plate, which will require removal for inspection and possibly some more file work.

If the turbo unit appears to be OK and clean, reassemble it into the car. If not, you
should clean off the carbon from the exhaust turbine with some solvent and a
toothbrush. Some owners take the unit to a diesel injection repair shop for shot peening
at this time. It is not really necessary, but it comes back looking as good as new.



A clean turbo ready for re-assembly. The yellow plug is in the hole for the oil return line.


Re-assembly of the turbo unit into the car is the opposite of disassembly. Remember to
connect the vacuum actuator rod to the lever prior to placing the turbo into the exhaust
manifold. I use the needle nose pliers to push the clip on a little and then use the small
slot screwdriver to push it on home.

At this time, it would be advisable to put a little bit of anti-seize grease where the cast
iron rim of the turbo unit fits into the exhaust manifold. After putting some oil into the
lower housing for the oil supply line, push the turbo unit into the exhaust manifold,
keeping the actuator lever at the top. It will probably be necessary to move the actuator
lever back and forth while keeping pressure on the turbo unit in order for the lever to
find its way back into the notch in the actuator ring and for the stop pin to find its hole.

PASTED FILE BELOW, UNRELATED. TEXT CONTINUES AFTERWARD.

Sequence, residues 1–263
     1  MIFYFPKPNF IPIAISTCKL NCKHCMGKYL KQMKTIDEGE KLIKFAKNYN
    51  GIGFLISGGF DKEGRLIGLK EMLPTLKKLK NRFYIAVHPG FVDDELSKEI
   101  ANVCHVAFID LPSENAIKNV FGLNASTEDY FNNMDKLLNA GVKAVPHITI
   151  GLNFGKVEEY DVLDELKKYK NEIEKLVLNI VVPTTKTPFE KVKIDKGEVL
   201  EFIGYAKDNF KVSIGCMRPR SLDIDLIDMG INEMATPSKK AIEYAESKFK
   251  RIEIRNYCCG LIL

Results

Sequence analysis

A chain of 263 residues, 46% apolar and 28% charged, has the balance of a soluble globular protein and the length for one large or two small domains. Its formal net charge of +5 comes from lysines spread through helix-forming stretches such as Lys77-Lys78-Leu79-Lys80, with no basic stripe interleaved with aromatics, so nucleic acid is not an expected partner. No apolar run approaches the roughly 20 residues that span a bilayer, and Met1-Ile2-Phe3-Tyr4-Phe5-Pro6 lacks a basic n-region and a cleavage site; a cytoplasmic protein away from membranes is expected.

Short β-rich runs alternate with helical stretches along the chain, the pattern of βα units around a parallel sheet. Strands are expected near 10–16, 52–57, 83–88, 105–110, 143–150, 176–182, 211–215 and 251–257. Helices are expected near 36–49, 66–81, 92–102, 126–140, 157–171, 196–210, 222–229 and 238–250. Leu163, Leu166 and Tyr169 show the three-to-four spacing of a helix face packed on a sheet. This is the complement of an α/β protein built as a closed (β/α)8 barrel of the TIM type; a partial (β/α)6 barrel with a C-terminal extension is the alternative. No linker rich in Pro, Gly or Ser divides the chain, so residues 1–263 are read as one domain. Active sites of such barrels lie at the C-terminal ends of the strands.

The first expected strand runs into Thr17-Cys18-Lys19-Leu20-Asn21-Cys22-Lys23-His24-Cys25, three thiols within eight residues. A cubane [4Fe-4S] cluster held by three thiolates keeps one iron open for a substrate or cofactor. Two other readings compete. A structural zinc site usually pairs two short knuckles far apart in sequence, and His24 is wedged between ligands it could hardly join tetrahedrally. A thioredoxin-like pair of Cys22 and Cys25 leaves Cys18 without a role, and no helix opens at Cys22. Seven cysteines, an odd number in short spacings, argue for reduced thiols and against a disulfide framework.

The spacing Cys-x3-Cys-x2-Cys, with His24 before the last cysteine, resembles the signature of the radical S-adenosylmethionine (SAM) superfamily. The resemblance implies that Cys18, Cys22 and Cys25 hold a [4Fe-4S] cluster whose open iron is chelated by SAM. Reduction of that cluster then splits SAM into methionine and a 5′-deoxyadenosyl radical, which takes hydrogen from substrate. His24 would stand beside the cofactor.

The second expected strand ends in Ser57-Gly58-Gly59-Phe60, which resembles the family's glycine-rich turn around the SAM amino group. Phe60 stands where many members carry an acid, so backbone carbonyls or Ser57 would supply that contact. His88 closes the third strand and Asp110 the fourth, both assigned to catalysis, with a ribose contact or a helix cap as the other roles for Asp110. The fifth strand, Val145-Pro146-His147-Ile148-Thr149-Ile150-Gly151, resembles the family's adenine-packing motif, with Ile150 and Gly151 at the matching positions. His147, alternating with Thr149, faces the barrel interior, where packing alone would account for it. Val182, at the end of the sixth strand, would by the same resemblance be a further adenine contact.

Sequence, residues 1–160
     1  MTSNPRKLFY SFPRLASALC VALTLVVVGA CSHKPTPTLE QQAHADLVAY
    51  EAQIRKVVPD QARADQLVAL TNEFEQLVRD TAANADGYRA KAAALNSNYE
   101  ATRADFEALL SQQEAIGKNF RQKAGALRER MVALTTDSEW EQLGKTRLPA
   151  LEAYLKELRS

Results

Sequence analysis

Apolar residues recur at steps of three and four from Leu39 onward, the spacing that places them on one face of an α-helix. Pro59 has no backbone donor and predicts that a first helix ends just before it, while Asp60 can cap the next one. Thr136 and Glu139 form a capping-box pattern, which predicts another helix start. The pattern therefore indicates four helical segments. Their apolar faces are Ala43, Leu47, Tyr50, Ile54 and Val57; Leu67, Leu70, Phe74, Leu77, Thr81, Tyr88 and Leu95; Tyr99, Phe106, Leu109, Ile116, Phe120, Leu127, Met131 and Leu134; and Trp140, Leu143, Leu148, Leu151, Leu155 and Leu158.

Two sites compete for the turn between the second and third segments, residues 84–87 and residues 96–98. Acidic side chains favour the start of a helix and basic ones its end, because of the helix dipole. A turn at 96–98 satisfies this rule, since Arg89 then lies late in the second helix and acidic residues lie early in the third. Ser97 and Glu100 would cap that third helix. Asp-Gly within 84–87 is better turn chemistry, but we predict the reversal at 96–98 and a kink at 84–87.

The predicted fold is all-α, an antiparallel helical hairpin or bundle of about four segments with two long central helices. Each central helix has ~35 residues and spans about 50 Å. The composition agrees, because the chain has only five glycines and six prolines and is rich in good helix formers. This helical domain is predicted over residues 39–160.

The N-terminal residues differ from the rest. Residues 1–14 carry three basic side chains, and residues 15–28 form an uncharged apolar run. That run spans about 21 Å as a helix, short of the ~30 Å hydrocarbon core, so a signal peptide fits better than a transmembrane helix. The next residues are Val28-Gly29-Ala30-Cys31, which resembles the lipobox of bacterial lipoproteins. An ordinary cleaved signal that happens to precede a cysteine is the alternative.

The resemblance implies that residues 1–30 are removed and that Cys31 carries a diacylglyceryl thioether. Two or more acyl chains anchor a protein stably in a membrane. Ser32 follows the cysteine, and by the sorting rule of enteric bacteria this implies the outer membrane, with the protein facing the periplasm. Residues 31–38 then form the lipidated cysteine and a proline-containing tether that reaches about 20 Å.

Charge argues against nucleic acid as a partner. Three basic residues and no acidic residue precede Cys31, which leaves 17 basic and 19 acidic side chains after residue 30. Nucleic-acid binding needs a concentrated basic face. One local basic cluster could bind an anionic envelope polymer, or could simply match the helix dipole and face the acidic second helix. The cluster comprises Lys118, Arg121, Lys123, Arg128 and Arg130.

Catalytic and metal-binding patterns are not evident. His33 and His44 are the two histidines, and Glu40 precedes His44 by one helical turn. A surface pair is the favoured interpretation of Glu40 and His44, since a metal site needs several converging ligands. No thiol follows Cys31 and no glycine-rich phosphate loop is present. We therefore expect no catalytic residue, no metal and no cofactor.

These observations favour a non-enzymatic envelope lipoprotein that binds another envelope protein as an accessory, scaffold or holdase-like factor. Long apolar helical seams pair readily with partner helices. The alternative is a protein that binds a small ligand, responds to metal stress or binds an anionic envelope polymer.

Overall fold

When you feel confident that the turbo is firmly in place, put in the 3 bolts other than the
ones that hold down the vacuum actuator, which by the way have no washers under
them. The bolt at the 1:00 o’clock position cannot be started by hand and has to be put
into a socket on the end of a ¼” extension and carefully started and screwed down.
After the 3 bolts are just snug but not tightened, again check the movement of the vane
assembly by moving it with the actuator rod. The end of the little arm has a movement
of only about 3/8”, and the movement should be almost frictionless. If it does not move
at all, it is possible that the actuator lever is not in its notch on the ring.
This procedure may sound a little complicated, but you can do it. If you change your
own oil, know which way to twist a wrench, and have a little patience and the tools, do
not hesitate to tackle this project. Like anything else, it is intimidating at first glance, but
not really difficult in hindsight. Keep a positive attitude. As master Yoda stated, “There
is no try. Either do or do not!”

When you start up your TDI following the installation of your turbo, do not rev the engine
up, but simply let it idle for one full minute to allow the oil to flow to the turbo bearings.
After about 5 minutes of running, shut off the motor and crawl back under to check the
turbo for oil leaks. If all looks good, replace the bottom shield and top motor cover. As
some say, “It’s Miller Time!”

To keep the vane chamber clean in the future, experienced members suggest that the
engine be revved up almost to the red line at least once each day, simply referred to as
an “Italian tune-up.” The other advice is to “drive it like you stole it!” This puts a lot of
hot exhaust gas through the chamber area and will burn out the carbon. I started doing
this after my 3rd turbo removal, and when I inspected the vane assembly and machined
backing plate on the 4
th
turbo removal, both were bright and clean. From new until the
car had 78,000 miles on it when the turbo failed, I never revved the engine over 3200
rpm. I was treating it like a Detroit product. That kind of driving is an invitation to
carbon fouling. Rev the motor up daily! It is German made, and not only can take it, but
needs it!